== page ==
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I've just been given a Sigma EF-500 DG ST flash unit. I've not really had much experience using flash. How can I get started? Are there any good learning resources?

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AFAIK "flash head" is usually used for studio flash units which need separate power source. –  che Dec 20 '10 at 15:44

4 Answers 4

The best place to start is the Strobist website. I could spend hours and hours typing up stuff and giving you my experience, but the Strobist is the place to get started on. It's all free, with explanations, and "assignments" designed to help you learn. It's the best, free, resource I know of.

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1  
Make sure to go through Lighting 101 and Lighting 102 series on the site, they explains all aspects of lighting in pretty linear and understandable way. –  che Dec 20 '10 at 15:42
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Strobist is awesome. However, the shortcomings of this particular flash series loom large. See: strobist.blogspot.com/2006/03/lighting-101-start-here.html -- the Sigma ST fails on both counts. First, no P/C cord connection (and the universal adapter won't work) and second, the manual control is limited to all or 1/16th. Basically, this is an auto-mode flash, not a Strobist flash. –  mattdm Dec 20 '10 at 17:42
    
That'll just whet is appetite for a real flash. However, the essentials of lighting are still very valuable pieces of information and the Strobist site is one of the best around for understanding that. Otherwise, just read the camera manual, stick a flash on the shoe and let it be controlled that way. There isn't much learning to be done there. –  John Cavan Dec 20 '10 at 19:28

There are some good learning resources. I'm sure others will point them out. :) I want, though, to give you some background on the flash you have.

Sigma makes flashes that are "system dedicated" — there's different versions made for Pentax, Canon, Nikon, Sigma, or Sony. You can use it on the "wrong" brand (Sony excepted — they're weird) but will only get the most basic functionality — it will fire at full power, or at ¹⁄₁₆th power, depending on how you've got it set. And, without specific-brand communication with the camera, it won't zoom (to deliver more powerful light at narrow focal lengths). Or, depending on the combination, it might not fire at all -- a weird quirk of the Sigma "ST" models.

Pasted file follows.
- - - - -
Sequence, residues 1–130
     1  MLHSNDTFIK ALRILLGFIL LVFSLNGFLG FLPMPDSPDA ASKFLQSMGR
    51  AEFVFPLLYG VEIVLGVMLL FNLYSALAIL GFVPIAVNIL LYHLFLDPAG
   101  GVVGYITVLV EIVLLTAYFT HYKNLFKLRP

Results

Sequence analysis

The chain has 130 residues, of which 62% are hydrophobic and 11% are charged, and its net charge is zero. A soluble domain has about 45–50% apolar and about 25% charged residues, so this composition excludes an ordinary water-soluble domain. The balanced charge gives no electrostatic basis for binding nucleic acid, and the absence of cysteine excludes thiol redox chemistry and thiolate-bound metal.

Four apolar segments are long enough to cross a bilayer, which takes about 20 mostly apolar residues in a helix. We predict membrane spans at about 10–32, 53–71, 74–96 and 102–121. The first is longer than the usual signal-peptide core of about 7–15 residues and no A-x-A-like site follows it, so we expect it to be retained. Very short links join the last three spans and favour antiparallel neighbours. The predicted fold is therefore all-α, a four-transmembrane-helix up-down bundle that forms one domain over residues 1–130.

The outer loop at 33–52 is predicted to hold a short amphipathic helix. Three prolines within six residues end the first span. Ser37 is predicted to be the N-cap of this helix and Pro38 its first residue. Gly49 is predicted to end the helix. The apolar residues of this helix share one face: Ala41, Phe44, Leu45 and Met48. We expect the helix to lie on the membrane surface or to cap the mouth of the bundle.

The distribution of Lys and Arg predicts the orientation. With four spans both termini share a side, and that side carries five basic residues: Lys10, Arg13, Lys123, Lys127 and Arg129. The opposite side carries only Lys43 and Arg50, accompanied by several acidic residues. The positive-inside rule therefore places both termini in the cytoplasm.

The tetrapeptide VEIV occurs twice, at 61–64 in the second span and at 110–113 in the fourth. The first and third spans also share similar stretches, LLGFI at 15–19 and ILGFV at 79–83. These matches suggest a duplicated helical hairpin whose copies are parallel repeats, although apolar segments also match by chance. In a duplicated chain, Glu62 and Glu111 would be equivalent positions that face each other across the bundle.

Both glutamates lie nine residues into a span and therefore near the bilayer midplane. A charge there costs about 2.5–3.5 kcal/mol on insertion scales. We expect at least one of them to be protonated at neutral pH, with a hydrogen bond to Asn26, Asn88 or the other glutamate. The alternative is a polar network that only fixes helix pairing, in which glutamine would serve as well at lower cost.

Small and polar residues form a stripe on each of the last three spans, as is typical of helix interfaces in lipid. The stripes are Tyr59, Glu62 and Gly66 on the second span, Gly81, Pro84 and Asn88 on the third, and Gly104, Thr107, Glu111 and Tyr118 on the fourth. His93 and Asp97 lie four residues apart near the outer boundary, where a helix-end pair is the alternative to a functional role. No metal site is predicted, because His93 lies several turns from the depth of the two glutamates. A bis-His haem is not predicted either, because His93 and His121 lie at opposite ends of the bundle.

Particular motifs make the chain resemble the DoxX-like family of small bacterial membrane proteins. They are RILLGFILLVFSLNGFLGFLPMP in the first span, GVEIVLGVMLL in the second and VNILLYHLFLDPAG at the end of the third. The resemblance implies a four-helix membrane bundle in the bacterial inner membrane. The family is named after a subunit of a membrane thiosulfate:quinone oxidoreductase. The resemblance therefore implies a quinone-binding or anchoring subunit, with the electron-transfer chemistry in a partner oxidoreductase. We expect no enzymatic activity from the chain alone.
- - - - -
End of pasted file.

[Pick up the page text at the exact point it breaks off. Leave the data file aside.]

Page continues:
A more advanced model would give more manual control, but this is the entry-level model. On the plus side, Sigma's entry-level models are quite powerful (usually no less powerful than their higher-end models).

Assuming you do have it matched to your camera, the camera does all of the intelligent work — tells it where to zoom, tells it how bright to be, and etc. If you want to leave auto modes, you're limited to that very simple all-or-¹⁄₁₆th manual choice (although the zoom should still work). And if you want to tell the flash to provide more or less light, you're limited to whatever flash exposure compensation settings your camera body provides.

There's no fancy features like wireless or high-speed sync or stroboscopic effects, or even moderately-common wishes like second-curtain sync. And because of some design decisions, it won't work with many (most? all?) third-party radio trigger systems (or even simple remote cable solutions).

There's nothing wrong with this — it's really a good entry-level flash — but you'll definitely benefit from understanding the limitations of what you've got. (Revision: okay, actually, there may be something wrong with this, because it's not very flexible. It is very much an auto-mode flash, and is particularly poor as a manual-control flash, which means a lot of the standard basic flash advice doesn't apply. Particularly, it isn't very good for Strobist use.)

Oh, one more thing: if you have a recent camera model, you may need to send the flash back to Sigma for a firmware upgrade (free, but you pay to ship it there).

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There are probably better guides, but here's the very basics:

  1. Get the flash off the camera, if at all possible. There are several ways to do this, that range from remote triggering systems to extender cables and poles, but get it off if possible.
  2. If you can't get it off, try a technique called bouncing the flash. Basically point the flash straight up (Or at any other white surface), and it will give some interesting effects.
  3. If you are shooting in a situation where the flash is the main source of light, I suggest you shoot in manual mode, assuming your flash has ETTL or similar system (See mattdm's post). If you are shooting outdoors and want a fill flash effect, shoot in Av mode. Just be careful about the shutter speed;-)

Hope these tips help!

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@John Cavan pointed out the Strobist. I'd add Syl Arena's Speedliting. You'll get great advise there as for flash techniques and accessories.

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